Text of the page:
OPINION - Customer service seems to belong to a bygone age

·2-min read
 (Natasha Pszaenicki)
(Natasha Pszaenicki)

Does customer service exist in the UK any more? I ask because I cannot get through to speak to a human being. On the odd occasion I have managed, I’ve been cut off — even though I am, of course, obeying the automated pleas for callers to “please be kind to our advisers; they’re doing the best they can”. If the best they can do is make me repeat my account number four times and then hang up, well then, mission accomplished. Gold star. Employee of the month. Of course, it’s not the fault of the poor souls fielding thousands of calls from the country’s irked and irate. The system is broken.

I currently find myself engaged in a boring one-woman war with half a dozen million-dollar corporations via multiple platforms of communication — and I’m only a few ear-bleeding minutes of Katy Perry’s Firework hold music away from going off-grid, hiding all my money under a mattress and living by candlelight. There’s the three- week-long WhatsApp chat I’m in with my gas company about a broken smart meter, which is bordering on a long-term relationship — I duck out of meetings to respond eagerly only to be ignored for days. There’s the car hire company which charged my card twice before ghosting me, and the parcel I’ve returned with £300 worth of clothes that’s gone awol, never to be seen again. I’m fighting incompetence on all sides, it’s exhausting and no one will help me.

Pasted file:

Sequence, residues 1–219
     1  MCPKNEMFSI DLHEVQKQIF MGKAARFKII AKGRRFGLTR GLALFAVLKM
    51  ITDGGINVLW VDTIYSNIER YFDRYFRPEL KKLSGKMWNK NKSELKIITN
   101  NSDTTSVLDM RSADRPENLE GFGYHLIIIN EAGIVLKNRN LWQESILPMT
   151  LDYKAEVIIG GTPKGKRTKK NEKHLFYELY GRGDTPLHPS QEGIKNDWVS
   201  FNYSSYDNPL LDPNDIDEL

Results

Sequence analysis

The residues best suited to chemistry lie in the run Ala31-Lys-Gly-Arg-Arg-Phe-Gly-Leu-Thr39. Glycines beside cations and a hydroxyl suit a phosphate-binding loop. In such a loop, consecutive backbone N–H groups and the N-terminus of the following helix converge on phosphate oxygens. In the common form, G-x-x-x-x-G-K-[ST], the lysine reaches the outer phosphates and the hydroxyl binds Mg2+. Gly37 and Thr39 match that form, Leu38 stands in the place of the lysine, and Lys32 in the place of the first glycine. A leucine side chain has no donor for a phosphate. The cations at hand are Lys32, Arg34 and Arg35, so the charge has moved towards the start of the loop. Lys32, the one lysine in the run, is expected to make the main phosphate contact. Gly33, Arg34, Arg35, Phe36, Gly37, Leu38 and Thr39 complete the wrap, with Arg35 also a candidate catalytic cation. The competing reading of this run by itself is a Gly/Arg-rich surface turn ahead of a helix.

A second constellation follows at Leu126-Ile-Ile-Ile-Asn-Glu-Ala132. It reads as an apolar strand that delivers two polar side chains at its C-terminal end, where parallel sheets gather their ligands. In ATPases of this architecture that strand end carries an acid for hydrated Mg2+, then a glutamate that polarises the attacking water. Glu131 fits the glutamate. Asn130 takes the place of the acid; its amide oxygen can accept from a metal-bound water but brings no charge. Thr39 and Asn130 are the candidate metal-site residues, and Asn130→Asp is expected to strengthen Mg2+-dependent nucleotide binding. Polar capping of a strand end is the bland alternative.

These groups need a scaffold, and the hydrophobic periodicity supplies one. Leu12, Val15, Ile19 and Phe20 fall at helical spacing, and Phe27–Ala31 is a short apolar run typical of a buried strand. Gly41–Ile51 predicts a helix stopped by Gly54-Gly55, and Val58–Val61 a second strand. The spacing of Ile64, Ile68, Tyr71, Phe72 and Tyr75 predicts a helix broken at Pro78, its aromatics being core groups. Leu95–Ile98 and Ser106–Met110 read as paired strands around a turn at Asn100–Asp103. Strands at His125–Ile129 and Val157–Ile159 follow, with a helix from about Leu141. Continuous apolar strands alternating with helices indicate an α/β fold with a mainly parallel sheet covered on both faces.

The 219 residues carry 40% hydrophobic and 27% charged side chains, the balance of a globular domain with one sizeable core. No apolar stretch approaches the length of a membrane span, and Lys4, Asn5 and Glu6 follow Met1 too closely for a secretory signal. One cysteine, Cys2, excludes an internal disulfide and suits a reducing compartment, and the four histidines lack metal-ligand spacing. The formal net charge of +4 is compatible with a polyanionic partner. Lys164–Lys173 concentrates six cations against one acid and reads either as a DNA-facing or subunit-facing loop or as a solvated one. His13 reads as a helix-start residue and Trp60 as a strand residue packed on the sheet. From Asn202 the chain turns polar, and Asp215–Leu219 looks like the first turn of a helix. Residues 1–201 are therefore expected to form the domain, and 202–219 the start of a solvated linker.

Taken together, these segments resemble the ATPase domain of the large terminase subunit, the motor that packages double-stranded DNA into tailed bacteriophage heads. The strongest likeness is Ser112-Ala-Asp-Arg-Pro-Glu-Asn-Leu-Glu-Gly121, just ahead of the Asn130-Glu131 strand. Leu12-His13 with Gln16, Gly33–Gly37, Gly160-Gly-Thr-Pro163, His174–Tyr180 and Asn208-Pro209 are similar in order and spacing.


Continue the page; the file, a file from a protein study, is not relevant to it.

There was a time when customer service was an art form. Knowing tweets from brands went viral and gave the illusion of a living, breathing person on the other end who had the ability to pretend to care. I remember, in happier times (pre-Brexit, pre-Covid, pre-constant feeling of doom), tweeting British Airways about a gripe. When I arrived at the gate I was upgraded. Result. I am perhaps the saddest person in the world but I used to enjoy phoning up the water company. I’d end the call having had a chat and with a discount on my bill.

The digitisation of customer service has been its downfall and there is a special place in hell reserved for the UX engineers responsible for the phone menus designed to keep you on a perma-loop (press #1 to go back to the beginning and #2 to be redirected to a bot who won’t understand anything you’re saying). Cost-cutting companies need to know studies show 86 per cent of customers pay more for a good customer experience. In the meantime, I’ll just keep screaming into the void.

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